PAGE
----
By Mark Easton
Home editor, BBC News
The simplicity of the National Health Service idea has survived the complexity of extraordinary medical progress.
Continued universal free access to care is in doubt
Universal, funded from taxation and free at the point of need - these are phrases which Health Secretaries have reiterated for six decades, the principles which underpin the NHS.
The British public loves its health service, but can it survive another 60 years?
Can a system of free medical care for all be maintained in the face of new and expensive treatments, and with a population becoming ever more knowledgeable and more demanding?
Some doctors argue that the traditional NHS is doomed because the state cannot afford to fund an ever increasing array of drugs and procedures.
Physicians like cancer specialist Dr Karol Sikora argue that the result will be a two tier service.
He said: "The future has to be about a tax-based system that is a core package that is reasonable and everybody accesses it - but if you want to have some luxury items, you top-up."
It is a vision that has sent shudders through government.
Alan Johnson, the Health Secretary for England, attempted to outlaw such top-ups by ruling that any patient who bought additional care or drugs privately would be denied NHS treatment for their condition.
The papers were filled with stories of patients who had spent their life-savings on drugs the health service refused to provide and who were then advised that their NHS treatment was being withdrawn.
In a statement to Parliament, Mr Johnson said: "A founding principle of the NHS . . . is that someone is either a private patient or an NHS patient."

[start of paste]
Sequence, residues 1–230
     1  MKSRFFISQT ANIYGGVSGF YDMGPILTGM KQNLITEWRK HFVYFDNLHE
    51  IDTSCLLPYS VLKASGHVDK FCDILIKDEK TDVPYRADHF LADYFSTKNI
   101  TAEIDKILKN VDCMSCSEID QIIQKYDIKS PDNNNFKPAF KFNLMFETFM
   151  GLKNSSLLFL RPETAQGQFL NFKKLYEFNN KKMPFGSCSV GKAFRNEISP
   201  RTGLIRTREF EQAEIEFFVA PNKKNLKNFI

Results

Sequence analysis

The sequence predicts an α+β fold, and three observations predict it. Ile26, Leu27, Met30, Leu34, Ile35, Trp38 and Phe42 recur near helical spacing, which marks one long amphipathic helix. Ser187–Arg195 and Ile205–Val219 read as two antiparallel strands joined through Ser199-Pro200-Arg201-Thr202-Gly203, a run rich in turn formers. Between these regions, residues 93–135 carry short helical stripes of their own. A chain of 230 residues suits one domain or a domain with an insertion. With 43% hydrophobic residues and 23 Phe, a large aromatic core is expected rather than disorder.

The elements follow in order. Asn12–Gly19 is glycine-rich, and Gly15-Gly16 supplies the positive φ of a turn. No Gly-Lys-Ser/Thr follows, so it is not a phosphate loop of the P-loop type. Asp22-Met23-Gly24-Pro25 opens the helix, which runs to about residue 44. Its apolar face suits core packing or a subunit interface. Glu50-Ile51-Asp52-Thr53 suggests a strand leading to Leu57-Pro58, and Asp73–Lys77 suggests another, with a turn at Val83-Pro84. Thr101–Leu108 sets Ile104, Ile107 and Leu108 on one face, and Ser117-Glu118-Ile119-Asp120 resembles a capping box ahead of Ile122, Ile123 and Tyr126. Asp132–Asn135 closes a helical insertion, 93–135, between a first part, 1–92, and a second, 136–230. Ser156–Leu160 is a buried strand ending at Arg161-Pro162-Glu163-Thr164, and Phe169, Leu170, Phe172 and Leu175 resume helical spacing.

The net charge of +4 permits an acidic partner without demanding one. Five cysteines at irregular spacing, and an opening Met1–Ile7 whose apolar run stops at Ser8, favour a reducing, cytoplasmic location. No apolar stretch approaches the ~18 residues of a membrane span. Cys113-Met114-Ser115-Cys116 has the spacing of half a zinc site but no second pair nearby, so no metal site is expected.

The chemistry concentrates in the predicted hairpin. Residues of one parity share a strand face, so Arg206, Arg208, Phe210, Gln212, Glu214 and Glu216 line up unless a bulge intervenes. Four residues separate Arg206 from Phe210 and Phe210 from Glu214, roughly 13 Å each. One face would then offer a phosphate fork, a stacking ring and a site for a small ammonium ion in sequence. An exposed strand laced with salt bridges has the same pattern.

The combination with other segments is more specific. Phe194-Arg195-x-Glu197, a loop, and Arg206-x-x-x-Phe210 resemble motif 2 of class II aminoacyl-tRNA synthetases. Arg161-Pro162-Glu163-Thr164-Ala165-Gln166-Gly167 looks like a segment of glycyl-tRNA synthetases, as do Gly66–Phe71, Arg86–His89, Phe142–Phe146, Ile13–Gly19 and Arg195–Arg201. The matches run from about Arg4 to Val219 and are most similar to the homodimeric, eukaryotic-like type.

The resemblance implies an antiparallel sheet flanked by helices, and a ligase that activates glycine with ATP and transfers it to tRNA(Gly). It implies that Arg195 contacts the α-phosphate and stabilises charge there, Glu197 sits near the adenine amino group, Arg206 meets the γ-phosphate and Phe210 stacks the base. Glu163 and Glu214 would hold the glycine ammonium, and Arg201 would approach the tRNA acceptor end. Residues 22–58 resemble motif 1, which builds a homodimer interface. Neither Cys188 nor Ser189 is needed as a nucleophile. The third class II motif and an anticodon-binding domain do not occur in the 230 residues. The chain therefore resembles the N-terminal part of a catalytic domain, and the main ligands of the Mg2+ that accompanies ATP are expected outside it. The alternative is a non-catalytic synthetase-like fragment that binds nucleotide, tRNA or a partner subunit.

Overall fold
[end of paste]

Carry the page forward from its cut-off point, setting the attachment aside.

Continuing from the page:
It proved a desperate attempt to hold back the tide and last week he dropped the policy in favour of a formal consultation on the matter.
However, it is an issue that will have to be faced.
Drug company pressure
Drugs companies like Roche UK are knocking on the doors of the advisory bodies which regulate the availability of drugs on the NHS, calling on them to give their products the green light.
"There will be changes in the overall drugs budget within the NHS," said Julian Cole from Roche.
"Money can be released from elsewhere within the health service to actually fund many of these drugs.
"They are cost-effective, providing good value for money and so if there is a will to provide that funding then it will follow."
But if the NHS did agree to fund any drug for which there was demand, how much more would it cost?
As Medical Director of the private healthcare company Cancer Partners UK, Dr Sikora has calculated that if the NHS agreed to fund ten cancer drugs currently unavailable it would push the bill up by almost £0.9 billion.
The government believes it is a lot less, but no-one denies that protecting the principles of the NHS will mean spending significantly more.
The independent health think tank The King's Fund, though, argues that recent history demonstrates that voters will pay more to protect the health service.
Niall Dickson, the chief executive, is confident that a tax funded universal system can be afforded.
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"It's really a moral decision, whether as a society we decide we want to stay in all this together or we want start going our own ways," Dickson believes.
"There is no sign yet that the British people want to go their own way."
As the great and the good gathered this afternoon at Westminster Abbey to celebrate sixty years of the NHS, it is clear the service stands at a crossroads.
We face a choice: a health service that limits its ambition to providing good enough care.
Or a genuinely universal system that costs a lot more but is true to its principles.
The path we choose will depend on how much we think that simple original idea is worth.